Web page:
Lightening The Carbon Footprint of Cannabis Farms
In a protected and controlled environment, you can grow a profitable mix of high-potency medical marijuana and any number of milder strains appealing to a new market. Unfortunately, a successful grow house comes high energy bills and a heavy carbon footprint.
Co-founder of Micro-Grid Company Scale, Tim Hade, said, “It’s a big problem. It has an impact far beyond cannabis consumption.”
A recent study showed a single marijuana plant takes approximately 70 gallons of oil to grow. Energy demand at Colorado’s largest utility went up by about 2 percent after marijuana was legalized.
Hade says the growing industry could possibly wipe out gains the country has made over the last decade that kept energy consumption stable even as the population and economy grew. As the legal cannabis industry in California expands, it could become a serious challenge for the state to reduce greenhouse emissions.
The cannabis industry has already started addressing the issue. Farmers are innovating and experimenting with different ways to make growing more efficient.
California based energy and climate change scientist, Evan Mills, said the cannabis industry could make efficiency gains in almost every step of its process. According to Mills’ research, the total amount of energy used to power marijuana farms is enough to power two million homes, with emissions equal to three million typical U.S. vehicles.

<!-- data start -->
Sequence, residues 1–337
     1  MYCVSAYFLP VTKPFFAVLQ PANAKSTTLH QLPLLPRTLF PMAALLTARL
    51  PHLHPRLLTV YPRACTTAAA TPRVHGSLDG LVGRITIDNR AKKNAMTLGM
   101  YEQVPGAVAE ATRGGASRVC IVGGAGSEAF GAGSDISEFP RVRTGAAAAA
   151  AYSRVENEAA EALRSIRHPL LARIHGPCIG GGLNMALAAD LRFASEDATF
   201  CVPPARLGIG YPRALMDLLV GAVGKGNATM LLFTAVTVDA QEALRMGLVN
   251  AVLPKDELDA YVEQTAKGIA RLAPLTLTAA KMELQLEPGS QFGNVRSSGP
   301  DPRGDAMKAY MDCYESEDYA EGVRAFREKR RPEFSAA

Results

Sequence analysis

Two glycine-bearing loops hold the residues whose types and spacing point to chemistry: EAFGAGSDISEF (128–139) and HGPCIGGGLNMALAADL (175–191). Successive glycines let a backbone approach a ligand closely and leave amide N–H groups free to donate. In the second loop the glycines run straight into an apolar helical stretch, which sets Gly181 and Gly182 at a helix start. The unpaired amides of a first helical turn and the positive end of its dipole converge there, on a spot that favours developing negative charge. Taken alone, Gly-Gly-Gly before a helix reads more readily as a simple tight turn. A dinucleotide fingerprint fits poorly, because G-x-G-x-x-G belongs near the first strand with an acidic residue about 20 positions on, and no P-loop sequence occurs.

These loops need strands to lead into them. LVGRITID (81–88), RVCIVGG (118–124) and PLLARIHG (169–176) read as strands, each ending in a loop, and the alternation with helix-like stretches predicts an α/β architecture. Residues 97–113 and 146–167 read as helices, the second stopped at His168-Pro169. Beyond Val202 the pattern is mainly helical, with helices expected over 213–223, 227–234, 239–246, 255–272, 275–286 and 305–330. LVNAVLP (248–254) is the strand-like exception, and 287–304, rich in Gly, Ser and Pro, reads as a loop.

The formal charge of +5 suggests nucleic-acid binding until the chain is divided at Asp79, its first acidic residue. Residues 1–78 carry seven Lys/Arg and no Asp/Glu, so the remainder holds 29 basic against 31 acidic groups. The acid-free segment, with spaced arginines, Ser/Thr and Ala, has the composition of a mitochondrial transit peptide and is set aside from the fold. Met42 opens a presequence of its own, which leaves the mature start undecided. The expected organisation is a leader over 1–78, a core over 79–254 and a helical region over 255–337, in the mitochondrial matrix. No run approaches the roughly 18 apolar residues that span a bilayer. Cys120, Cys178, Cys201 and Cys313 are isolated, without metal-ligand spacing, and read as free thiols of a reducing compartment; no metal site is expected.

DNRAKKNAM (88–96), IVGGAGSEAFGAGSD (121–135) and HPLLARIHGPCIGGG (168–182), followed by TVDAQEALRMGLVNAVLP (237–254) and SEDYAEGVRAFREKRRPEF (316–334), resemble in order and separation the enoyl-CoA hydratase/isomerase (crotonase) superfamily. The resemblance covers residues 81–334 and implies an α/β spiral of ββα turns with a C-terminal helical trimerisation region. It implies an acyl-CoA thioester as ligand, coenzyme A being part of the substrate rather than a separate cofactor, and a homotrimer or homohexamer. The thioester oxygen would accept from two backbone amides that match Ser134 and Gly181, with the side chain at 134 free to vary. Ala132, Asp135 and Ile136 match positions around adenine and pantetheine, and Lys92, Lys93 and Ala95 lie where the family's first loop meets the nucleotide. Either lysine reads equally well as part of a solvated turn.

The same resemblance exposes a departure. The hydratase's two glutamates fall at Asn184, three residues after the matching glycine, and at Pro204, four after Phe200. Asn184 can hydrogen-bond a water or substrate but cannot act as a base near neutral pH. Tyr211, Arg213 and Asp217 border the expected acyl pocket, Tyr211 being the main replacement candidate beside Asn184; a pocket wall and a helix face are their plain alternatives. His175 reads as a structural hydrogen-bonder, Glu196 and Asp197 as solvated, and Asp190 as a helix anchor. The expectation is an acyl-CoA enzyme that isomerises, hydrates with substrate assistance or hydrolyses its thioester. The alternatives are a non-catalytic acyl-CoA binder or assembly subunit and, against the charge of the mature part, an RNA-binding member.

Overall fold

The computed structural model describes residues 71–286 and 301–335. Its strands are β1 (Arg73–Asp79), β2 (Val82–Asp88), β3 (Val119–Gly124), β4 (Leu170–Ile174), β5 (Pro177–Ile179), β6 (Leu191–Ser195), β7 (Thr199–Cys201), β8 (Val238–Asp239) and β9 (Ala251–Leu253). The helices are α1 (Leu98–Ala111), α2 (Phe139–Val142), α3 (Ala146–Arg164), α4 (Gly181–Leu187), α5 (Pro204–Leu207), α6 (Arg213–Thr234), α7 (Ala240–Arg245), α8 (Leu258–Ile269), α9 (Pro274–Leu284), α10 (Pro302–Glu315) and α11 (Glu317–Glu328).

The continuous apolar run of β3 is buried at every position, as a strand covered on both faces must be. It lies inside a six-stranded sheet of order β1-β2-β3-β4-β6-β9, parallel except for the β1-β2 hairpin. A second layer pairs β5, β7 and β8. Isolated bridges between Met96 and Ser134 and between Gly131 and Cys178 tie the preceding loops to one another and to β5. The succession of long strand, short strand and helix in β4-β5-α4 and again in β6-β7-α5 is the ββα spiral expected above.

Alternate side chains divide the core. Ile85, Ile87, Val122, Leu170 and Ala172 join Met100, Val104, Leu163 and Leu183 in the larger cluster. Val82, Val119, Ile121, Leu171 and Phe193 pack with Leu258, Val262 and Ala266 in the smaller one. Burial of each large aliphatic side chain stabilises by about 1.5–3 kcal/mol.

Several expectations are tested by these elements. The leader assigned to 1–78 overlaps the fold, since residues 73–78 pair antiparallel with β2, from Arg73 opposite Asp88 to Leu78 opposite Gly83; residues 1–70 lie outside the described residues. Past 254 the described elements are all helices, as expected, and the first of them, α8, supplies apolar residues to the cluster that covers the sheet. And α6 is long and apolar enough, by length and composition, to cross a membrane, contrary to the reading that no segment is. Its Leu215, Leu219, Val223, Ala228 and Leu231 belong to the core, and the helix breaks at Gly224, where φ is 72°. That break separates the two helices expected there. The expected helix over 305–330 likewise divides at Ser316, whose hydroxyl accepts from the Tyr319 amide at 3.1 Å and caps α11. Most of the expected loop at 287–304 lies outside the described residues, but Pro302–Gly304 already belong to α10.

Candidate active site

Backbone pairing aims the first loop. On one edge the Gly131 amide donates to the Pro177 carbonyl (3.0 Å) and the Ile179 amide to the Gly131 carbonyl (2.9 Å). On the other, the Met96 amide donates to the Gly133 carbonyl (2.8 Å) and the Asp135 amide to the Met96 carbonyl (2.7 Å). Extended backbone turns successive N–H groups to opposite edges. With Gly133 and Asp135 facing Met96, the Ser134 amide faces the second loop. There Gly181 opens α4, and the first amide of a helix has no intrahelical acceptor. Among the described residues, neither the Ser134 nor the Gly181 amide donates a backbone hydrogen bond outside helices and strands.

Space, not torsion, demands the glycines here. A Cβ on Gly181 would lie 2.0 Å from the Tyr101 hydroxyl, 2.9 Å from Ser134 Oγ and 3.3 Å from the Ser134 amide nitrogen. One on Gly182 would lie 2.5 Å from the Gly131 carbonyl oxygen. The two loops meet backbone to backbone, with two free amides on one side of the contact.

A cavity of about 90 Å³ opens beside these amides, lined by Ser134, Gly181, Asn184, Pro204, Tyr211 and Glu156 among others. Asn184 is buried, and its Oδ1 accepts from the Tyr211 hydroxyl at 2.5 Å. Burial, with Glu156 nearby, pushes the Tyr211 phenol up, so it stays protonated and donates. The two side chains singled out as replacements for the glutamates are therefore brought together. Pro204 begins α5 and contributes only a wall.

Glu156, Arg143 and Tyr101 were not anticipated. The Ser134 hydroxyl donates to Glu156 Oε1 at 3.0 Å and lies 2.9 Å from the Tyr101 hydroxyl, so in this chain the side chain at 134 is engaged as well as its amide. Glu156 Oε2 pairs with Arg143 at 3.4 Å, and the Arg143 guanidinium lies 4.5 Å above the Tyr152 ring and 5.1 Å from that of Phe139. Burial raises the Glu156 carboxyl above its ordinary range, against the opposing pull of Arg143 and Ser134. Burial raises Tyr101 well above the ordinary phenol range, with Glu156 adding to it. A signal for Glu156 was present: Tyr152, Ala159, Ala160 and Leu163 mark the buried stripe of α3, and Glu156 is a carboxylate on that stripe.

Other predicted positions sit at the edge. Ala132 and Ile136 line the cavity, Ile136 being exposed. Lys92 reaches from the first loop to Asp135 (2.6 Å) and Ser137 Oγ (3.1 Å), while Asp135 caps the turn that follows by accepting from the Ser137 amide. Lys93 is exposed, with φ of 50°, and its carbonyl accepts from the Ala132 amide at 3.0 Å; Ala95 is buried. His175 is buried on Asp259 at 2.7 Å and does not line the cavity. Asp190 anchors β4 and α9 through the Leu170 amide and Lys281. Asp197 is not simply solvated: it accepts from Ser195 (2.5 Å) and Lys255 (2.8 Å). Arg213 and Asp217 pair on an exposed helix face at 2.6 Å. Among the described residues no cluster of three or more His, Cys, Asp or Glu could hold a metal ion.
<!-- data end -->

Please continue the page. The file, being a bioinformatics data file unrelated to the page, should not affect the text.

Mills said the key change in the industry is a trend toward large-scale cannabis cultivation. They may prove to be far more energy intensive than the current collection of small-growers.
Scale, based in New York, combines solar, battery storage, and natural gas generators in one system that cuts energy cost by 35 percent.
Hade, an Air Force veteran and Stanford Graduate School of Business grad, said the system uses the excess heat from generators to fuel air conditioning. With fuel and electricity averaging at about 30 percent of a farmer’s overhead, you must be sophisticated about energy management.
JP Martin, founder of GrowX, a company in the cannabis accelerator Gateway, focuses his company on efficient indoor growing. The startup has produced prototypes for an aeroponic growing system, with lights, sensors, and a mesh growing medium. Martin claims the system uses less water and energy than hydroponic growing, and eliminates possible impurities and disease developed from soil.
Cannabis grown indoors is known to be more potent, but more expensive than crops grown outdoors. “Traditional farming is a broken model,” Martin said.
Even the promise of new technology such as energy saving LED lighting, sensor-filled growing pods, and a network of artificial intelligence and high-efficiency electronics may not be enough.
Mills said, “In this warming world, indoor farming is an environmentally unaffordable luxury. Even deep energy savings leave indoor grows as energy-intensive as most ordinary buildings.”
Some farmers have even taken a traditional, natural approach to growing. Cyril Guthridge, owner and operator of Waterdog Herb Farm in Mendocino County, California, plants outdoors. He searches for the correct combination of plants and environment to produce the highest-quality strains of marijuana on his 160 are homestead.
Guthridge says he has several great friends growing inside that are producing great crops. The process can produce high-quality crops, but it is up to three times more expensive.
But Guthridge wishes to fil a niche for high-quality, naturally grown marijuana. And his farm is off the grid, powered by renewable sources.
“Nature is providing us with a very good environment,” he said.
Growers in the True Humboldt collective, in rural Humboldt County, California, also strive to produce natural products, with less environmental impacts.
“The most energy-efficient way to cultivate cannabis in California is using our sunshine as a primary light source,” said Chrystal Ortiz, representative for True Humboldt.